The widening campaign by U.S. gay rights advocates to promote same-sex marriage as a civil rights issue is forcing Catholic and other religious institutions to confront charges of intolerance and discrimination.
Also at risk, say Church officials working on the legal front, is the way religious institutions and individuals opposed to same-sex marriage conduct business from hall rentals to receiving government contracts for social services.
Recently, the Diocese of Peoria, Ill., withdrew from all state-funded social service contracts, citing increasing clashes between state law and Church teaching on same-sex relationships.
The Diocese of Rockford stopped offering state-funded adoptions and foster care services when the Illinois civil unions legislation took effect June 1.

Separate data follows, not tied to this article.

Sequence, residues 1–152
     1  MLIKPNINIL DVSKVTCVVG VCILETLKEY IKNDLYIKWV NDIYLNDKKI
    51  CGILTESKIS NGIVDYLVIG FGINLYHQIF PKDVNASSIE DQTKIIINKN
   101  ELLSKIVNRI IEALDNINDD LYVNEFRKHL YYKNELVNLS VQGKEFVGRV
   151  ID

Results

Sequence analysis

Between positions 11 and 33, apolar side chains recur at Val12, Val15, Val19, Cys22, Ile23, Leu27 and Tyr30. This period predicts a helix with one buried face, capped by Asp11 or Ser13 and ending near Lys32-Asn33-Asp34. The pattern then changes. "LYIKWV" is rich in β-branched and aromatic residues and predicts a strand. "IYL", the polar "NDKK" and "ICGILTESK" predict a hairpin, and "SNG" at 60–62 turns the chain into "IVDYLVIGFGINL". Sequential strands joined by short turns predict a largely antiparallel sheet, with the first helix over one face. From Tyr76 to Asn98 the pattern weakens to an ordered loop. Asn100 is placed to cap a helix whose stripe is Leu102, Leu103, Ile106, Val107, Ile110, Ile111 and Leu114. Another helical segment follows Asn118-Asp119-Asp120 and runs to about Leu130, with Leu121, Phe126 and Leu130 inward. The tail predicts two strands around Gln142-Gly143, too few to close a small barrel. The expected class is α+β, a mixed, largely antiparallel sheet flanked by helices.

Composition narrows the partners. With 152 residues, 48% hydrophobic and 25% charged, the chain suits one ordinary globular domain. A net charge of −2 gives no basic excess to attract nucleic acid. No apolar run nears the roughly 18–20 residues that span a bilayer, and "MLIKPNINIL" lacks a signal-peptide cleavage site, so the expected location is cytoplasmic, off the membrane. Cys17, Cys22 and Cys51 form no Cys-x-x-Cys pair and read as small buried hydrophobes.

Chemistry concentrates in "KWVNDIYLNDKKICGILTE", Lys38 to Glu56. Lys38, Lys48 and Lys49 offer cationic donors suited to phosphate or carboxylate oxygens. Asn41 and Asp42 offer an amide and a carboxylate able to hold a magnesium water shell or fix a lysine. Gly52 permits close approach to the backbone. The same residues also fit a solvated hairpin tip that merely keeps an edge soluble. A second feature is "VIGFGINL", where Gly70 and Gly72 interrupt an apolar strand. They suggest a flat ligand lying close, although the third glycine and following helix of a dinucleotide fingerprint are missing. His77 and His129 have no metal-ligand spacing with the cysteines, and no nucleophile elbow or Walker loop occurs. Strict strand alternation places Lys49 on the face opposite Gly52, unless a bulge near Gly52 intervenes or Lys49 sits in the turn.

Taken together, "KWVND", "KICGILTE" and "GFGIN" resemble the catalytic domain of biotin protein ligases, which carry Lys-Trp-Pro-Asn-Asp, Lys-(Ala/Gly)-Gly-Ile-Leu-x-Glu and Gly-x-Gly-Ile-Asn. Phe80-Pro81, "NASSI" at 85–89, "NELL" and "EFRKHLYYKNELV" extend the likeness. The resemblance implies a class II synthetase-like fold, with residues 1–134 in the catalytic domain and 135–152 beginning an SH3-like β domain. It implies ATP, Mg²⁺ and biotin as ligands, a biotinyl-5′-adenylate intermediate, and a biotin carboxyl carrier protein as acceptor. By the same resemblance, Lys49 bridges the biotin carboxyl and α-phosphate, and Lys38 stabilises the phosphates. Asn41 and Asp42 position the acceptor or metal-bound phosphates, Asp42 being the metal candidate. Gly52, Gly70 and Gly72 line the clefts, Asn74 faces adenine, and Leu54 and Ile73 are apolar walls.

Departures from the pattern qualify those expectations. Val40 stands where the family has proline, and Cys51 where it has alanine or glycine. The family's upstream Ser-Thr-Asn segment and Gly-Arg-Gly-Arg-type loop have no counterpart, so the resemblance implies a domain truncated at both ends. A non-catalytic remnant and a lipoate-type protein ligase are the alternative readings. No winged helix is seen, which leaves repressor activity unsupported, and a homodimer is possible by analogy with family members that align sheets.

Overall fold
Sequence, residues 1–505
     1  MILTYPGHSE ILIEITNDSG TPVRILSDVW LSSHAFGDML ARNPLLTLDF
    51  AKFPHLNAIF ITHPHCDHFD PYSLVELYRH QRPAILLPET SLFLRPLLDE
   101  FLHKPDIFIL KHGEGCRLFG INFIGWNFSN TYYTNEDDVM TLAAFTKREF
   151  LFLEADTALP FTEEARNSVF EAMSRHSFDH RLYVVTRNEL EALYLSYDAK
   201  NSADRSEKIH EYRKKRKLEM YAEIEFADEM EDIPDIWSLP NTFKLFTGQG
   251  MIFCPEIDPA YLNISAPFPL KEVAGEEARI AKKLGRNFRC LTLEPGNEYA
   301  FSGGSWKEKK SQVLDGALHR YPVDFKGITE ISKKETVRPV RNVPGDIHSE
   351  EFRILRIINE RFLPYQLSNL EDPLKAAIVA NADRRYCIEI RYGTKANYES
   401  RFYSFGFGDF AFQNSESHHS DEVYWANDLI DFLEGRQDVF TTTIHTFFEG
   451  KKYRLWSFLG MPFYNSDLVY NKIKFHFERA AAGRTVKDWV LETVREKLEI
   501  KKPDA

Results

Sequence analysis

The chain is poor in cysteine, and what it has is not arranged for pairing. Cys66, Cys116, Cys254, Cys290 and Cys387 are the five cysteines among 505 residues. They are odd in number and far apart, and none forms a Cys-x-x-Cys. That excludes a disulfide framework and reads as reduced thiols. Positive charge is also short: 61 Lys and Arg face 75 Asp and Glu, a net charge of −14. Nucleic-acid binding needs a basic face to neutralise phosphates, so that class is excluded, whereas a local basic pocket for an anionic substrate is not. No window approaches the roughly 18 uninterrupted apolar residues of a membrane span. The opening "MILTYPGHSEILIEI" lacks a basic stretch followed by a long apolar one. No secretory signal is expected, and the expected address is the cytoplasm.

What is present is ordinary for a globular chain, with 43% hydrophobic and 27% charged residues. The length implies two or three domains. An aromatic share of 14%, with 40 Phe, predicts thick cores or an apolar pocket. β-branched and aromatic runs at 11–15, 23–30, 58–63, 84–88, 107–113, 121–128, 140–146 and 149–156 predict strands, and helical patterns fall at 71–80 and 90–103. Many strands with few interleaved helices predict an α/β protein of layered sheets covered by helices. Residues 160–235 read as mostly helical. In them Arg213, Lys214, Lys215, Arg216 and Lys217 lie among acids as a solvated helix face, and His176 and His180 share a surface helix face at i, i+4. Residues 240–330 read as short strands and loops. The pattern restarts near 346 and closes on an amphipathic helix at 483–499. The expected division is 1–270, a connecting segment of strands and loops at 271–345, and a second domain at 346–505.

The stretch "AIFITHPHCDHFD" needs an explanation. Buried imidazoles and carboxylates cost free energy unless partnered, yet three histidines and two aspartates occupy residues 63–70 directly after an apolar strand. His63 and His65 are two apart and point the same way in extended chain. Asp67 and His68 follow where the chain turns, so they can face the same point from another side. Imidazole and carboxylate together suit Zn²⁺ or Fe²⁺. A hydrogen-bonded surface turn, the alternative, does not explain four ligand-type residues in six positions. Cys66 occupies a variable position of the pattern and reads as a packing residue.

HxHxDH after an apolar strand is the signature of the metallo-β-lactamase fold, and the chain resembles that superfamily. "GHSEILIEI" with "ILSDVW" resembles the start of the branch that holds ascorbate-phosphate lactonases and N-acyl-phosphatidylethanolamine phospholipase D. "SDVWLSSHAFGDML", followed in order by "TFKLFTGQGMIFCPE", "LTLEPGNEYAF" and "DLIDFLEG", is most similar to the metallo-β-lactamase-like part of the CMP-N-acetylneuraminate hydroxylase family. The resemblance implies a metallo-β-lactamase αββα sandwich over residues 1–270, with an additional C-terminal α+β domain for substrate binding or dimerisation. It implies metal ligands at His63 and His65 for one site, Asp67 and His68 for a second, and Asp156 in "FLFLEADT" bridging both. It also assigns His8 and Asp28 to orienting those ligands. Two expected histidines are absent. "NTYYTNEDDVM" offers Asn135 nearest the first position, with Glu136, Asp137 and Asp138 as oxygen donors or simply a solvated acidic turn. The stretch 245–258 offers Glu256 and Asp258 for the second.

In 2006, Catholic Charities in San Francisco and Boston stopped adoption placements when laws required equal treatment of applicants in same-sex relationships.
Elsewhere, including New York where a same-sex marriage law took effect July 24, Church institutions are carefully monitoring how such laws are being applied and are vigilant for threats to religious liberty in the areas of taxes, housing, education and employment.